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From Apache Wiki <wikidi...@apache.org>
Subject [Cassandra Wiki] Update of "CassandraCli" by JonathanEllis
Date Wed, 13 Nov 2013 18:22:55 GMT
Dear Wiki user,

You have subscribed to a wiki page or wiki category on "Cassandra Wiki" for change notification.

The "CassandraCli" page has been changed by JonathanEllis:
https://wiki.apache.org/cassandra/CassandraCli?action=diff&rev1=44&rev2=45

Comment:
start nudging people to cqlsh

- Cassandra ships with a very basic interactive command line interface. Using the CLI you
can connect to remote nodes in the cluster to create or update your schema and set and retrieve
records.
+ == Use cqlsh Instead ==
+ The Cassandra CLI is a holdover from the pre-CQL Thrift [[API]].  You should migrate to
[[http://www.datastax.com/documentation/cql/3.1/webhelp/index.html#cql/cql_reference/about_cql_ref_c.html|cqlsh]],
which supports everything you could do from the CLI.  How does your Thrift data map to CQL?
 See these three articles:
  
+  * [[http://www.datastax.com/dev/blog/cql3-for-cassandra-experts|CQL for Cassandra experts]]
+  * [[http://www.datastax.com/dev/blog/thrift-to-cql3|A thrift to CQL upgrade guide]]
+  * [[http://www.datastax.com/dev/blog/does-cql-support-dynamic-columns-wide-rows|Does CQL
support dynamic columns and wide rows?]]
+ 
+ The CLI will be formally deprecated starting with Cassandra 2.1 and removed in 3.0.
+ 
+ == Older versions of the CLI ==
+ 
- The examples below have been tested with Cassandra 1.0.6. For instructions for previous
versions of Cassandra see one of: [[CassandraCli07]], [[CassandraCli06]].
+ The examples below have been tested with Cassandra 1.0.6. For instructions for previous
versions of Cassandra see one of: CassandraCli07, CassandraCli06.
  
  You may also be interested in the [[http://www.datastax.com/docs/1.0/dml/using_cli|DataStax
documentation]] which has excellent coverage on this topic.
  
  == Starting the CLI ==
- You can start the CLI using the {{{bin/cassandra-cli}}} script in your Cassandra installation
({{{bin\cassandra-cli.bat}}} on windows). If you are evaluating a local cassandra node then
be sure that it has been correctly configured and successfully started before starting the
CLI. 
+ You can start the CLI using the {{{bin/cassandra-cli}}} script in your Cassandra installation
({{{bin\cassandra-cli.bat}}} on windows). If you are evaluating a local cassandra node then
be sure that it has been correctly configured and successfully started before starting the
CLI.
  
  If successful you will see output similar to this:
+ 
  {{{
  Welcome to cassandra CLI.
  
  Type 'help;' or '?' for help. Type 'quit;' or 'exit;' to quit.
  }}}
+ You must then specify a system to connect to:
  
- You must then specify a system to connect to:
  {{{
  connect localhost/9160;
  }}}
- 
  == Creating a Keyspace ==
  We first create a keyspace to run our examples in.
+ 
  {{{
  create keyspace Twissandra;
  }}}
- 
  == Selecting the keyspace to user ==
  We must then select our example keyspace as our new context before we can run any queries.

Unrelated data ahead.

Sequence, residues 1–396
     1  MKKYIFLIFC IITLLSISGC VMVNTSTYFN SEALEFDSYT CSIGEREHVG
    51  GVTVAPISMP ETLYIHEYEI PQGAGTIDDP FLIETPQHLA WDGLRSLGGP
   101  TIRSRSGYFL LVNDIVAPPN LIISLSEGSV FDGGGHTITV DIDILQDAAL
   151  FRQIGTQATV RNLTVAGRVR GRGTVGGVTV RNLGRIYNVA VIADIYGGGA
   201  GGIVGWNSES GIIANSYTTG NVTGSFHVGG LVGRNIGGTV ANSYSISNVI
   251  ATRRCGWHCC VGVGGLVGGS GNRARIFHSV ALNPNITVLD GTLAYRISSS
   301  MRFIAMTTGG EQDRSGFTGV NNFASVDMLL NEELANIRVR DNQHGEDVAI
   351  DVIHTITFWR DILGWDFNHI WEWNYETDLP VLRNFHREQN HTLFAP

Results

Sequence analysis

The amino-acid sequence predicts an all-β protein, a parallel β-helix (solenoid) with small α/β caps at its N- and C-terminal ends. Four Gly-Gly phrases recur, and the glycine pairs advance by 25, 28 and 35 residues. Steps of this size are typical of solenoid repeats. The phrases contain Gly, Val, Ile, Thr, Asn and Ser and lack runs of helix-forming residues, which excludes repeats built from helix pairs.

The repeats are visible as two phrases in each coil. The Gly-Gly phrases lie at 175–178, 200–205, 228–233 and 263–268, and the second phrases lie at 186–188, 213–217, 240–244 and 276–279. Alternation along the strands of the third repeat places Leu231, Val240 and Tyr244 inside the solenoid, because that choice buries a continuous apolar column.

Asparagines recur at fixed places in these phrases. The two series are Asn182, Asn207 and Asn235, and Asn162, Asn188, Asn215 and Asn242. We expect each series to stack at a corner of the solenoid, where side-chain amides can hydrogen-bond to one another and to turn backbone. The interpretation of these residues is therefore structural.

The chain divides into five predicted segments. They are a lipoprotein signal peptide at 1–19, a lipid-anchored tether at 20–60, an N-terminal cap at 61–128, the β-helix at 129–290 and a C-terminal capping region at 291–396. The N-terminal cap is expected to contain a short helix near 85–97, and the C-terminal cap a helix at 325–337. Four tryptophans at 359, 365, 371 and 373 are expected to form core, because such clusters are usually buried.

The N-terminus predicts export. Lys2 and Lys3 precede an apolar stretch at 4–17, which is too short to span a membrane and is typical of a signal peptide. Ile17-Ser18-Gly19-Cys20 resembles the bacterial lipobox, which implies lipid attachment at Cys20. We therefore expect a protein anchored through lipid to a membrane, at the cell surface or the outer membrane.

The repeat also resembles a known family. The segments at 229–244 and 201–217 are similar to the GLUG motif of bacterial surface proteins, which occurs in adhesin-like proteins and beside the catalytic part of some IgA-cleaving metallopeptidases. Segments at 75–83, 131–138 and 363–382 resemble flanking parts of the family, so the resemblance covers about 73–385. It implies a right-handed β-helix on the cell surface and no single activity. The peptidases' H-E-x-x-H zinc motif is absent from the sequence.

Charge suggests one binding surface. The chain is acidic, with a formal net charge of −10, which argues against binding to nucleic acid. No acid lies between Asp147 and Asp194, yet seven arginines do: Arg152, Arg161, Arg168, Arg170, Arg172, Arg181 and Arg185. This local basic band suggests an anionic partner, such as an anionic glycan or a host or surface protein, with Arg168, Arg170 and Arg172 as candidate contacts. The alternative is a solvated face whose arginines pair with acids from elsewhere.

+ 
  {{{
  use Twissandra;
  }}}
- 
  == To Create A Column ==
  We can then create a column to play with.
+ 
  {{{
  create column family User with comparator = UTF8Type;
  }}}
+ For the later examples to work you must also update the schema using the following command.
This will set the return type for the first and last name to make them human readable. It
will also add and index for the age field so that you filter your gets using the Users name
field.
  
- For the later examples to work you must also update the schema using the following command.
This will set the return type for the first and last name to make them human readable. It
will also add and index for the age field so that you filter your gets using the Users name
field.
  {{{
  update column family User with
- 	column_metadata =
+         column_metadata =
- 	[
+         [
- 	{column_name: first, validation_class: UTF8Type},
+         {column_name: first, validation_class: UTF8Type},
- 	{column_name: last, validation_class: UTF8Type},
+         {column_name: last, validation_class: UTF8Type},
- 	{column_name: age, validation_class: UTF8Type, index_type: KEYS}
+         {column_name: age, validation_class: UTF8Type, index_type: KEYS}
- 	];
+         ];
  }}}
- 
  == To Add Data ==
  To add data we want to into our new column we must first specify our default key type otherwise
we would have to specify it for each key using the format {{{[utf8('keyname')]}}} this is
probably advisable if you have mixed key types but makes simple cases harder to read.
  
  So we run the command below, which will last the length of you cli session. On quitting
and restarting we must run it again.
+ 
  {{{
  assume User keys as utf8;
  }}}
+ and then we add our data.
  
- and then we add our data.
  {{{
  set User['jsmith']['first'] = 'John';
  set User['jsmith']['last'] = 'Smith';
  set User['jsmith']['age'] = '38';
  }}}
- 
  If you get the error like this {{{cannot parse 'John' as hex bytes}}}, then it likely you
either haven't set your default key type or you haven't updated your schema as in the create
column example.
  
  ''' The set command uses [[API#insert]]'''
+ 
  == To Update Data ==
  If we need to update a value we simply set it again.
+ 
  {{{
  set User['jsmith']['first'] = 'Jack';
  }}}
- 
  == To Get Data ==
  Now let's read back the `jsmith` row to see what it contains:
+ 
  {{{
  get User['jsmith'];
  }}}
- 
  ''' The get command uses [[API#get_slice]]'''
  
  == To Query Data ==
  {{{
  get User where age = '12';
  }}}
- 
  == For  help ==
  {{{
  help;
  }}}
- 
  == To Quit ==
  {{{
  quit;
  }}}
- 
  == To Execute Script ==
  {{{
  bin/cassandra-cli -host localhost -port 9160 -f script.txt
  }}}
- 
  {{https://c.statcounter.com/9397521/0/fe557aad/1/|stats}}
  

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